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With His Excellency President Bio having turned transparency and accountability as his New Direction government’s philosophy for ensuring not only good state governance but also prudent public financial management, many Sierra Leoneans at home and in the diaspora have raised eyebrows over the Auditor General’s revelation of massive corruption by the National COVID-19 Emergency Response Center (NaCOVERC).


According to the Auditor General’s report on the management of the Covid-19 Response funds, 47 Laptop computers valued at Le476 Million are missing.

The IHPAU purchased 47 laptop computers and other equipment for and on behalf of NaCOVERC, from the House of Electronics (S.L.) Ltd. for Le475, 113,600.

According to both the supplier and the end-user (i.e. NaCOVERC), all 47 were delivered in accordance with the contract specifications. During physical audit verification, however, it was noted that all 47 laptops were missing”.

Meanwhile, at a press briefing on Monday October 25, 2020, the deputy NaCOVERC Coordinator, Sheku Bangura giving an update on the status of finance of the COVID-19 Response stated that NACOVERC had received the total of about 212, 014,768, 377.62 Billion Leones and disbursed Le171, 133,179,030.27 Billion Leones, leaving a balance of 40,881,589,347.35 Billion Leones in the coffers.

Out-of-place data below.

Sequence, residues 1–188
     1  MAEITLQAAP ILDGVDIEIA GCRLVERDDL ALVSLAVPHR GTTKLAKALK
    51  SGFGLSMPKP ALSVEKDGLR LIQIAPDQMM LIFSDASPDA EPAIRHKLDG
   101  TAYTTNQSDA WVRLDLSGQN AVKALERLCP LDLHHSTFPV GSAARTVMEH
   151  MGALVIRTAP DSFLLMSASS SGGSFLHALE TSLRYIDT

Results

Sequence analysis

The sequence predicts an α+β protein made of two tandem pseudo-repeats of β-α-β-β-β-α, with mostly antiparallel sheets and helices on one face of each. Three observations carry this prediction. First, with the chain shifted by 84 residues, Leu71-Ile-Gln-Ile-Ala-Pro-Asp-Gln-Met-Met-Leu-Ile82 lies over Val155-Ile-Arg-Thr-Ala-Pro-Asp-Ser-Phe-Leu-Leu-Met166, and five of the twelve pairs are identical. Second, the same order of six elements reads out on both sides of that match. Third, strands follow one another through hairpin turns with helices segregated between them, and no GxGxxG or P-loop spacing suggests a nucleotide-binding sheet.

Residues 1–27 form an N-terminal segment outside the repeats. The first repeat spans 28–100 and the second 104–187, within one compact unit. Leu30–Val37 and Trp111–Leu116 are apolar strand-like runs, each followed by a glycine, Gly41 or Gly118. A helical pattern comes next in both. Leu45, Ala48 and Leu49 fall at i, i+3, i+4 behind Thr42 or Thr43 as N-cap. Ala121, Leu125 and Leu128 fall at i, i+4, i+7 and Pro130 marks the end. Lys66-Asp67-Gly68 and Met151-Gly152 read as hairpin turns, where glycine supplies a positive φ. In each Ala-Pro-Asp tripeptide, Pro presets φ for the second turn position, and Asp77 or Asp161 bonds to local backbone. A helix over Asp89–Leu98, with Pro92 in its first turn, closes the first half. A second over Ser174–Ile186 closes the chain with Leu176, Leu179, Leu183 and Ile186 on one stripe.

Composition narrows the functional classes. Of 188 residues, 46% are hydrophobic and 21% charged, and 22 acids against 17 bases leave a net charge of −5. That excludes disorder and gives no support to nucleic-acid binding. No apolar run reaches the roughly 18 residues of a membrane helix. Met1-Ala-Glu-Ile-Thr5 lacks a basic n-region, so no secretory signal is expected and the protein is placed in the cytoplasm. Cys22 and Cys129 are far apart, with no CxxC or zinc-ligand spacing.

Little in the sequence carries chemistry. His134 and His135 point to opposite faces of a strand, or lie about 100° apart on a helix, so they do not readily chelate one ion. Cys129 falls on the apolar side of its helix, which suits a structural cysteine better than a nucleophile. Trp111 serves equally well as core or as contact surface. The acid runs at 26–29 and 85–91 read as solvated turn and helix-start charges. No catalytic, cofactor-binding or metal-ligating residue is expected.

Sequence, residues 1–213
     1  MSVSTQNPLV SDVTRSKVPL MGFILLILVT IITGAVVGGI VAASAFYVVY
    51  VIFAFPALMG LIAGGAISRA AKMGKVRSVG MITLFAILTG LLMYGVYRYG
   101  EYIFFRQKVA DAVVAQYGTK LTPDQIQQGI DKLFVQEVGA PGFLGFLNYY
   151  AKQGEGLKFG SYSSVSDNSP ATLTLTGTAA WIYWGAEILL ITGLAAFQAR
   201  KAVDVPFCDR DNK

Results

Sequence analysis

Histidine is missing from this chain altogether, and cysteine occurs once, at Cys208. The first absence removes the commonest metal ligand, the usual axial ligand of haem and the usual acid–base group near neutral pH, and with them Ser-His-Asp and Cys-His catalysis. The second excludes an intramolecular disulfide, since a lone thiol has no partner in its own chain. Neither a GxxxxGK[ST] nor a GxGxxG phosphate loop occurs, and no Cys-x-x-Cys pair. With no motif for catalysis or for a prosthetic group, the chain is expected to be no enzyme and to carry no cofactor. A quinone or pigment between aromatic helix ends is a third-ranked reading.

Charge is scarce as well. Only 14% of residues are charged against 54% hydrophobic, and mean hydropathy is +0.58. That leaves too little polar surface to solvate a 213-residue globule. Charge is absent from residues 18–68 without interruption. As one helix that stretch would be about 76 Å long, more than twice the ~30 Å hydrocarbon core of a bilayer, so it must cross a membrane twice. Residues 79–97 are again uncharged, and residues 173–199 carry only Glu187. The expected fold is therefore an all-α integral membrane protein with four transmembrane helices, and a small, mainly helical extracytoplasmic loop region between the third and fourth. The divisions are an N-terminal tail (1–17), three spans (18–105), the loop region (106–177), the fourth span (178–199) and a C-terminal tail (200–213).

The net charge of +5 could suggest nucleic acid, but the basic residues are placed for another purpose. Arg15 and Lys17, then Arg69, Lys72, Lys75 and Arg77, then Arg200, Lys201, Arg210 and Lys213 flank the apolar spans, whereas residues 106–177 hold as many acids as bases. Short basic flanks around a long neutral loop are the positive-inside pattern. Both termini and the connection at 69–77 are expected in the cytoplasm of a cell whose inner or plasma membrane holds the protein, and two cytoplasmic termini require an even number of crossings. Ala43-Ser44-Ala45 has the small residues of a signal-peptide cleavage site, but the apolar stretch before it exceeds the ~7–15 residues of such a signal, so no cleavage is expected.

It can be recalled that NaCOVERC from its inception as the lead government agency in the fight against COVID 19 in Sierra Leone was hit by several scandals, including late payment of allowances of doctors, nurses and other frontline workers, to the alleged dubious purchase of a fleet of vehicles and motor bikes for the response whose procurement process the National Public Procurement Agency questioned.

Again, it can be recalled that in October 2020, there was a standoff between the Audit Service and government officials over audit of the Coronavirus funds.

The Attorney General cited the state of emergency regulations as the legal basis for refusal to cooperate with the country’s auditing agency.

However, constitutionally, Section 11 of the Audit Service Act of 2014 empowers the Sierra Leone Audit Service “to audit and report on all public accounts of Sierra Leone and all public offices including the judiciary, the central and local government institutions, universities, public sector institutions, statutory corporations, companies, and other bodies and organizations established by an Act of Parliament or statutory instrument or otherwise set up wholly or in part out of public funds.”

Section 11 (2c) of the 2014 Audit Service Act specifically mandates the Audit Service to undertake specialized audits into any government entity or institution to “ensure that efficiency and effectiveness are achieved in the use of public funds.”

 

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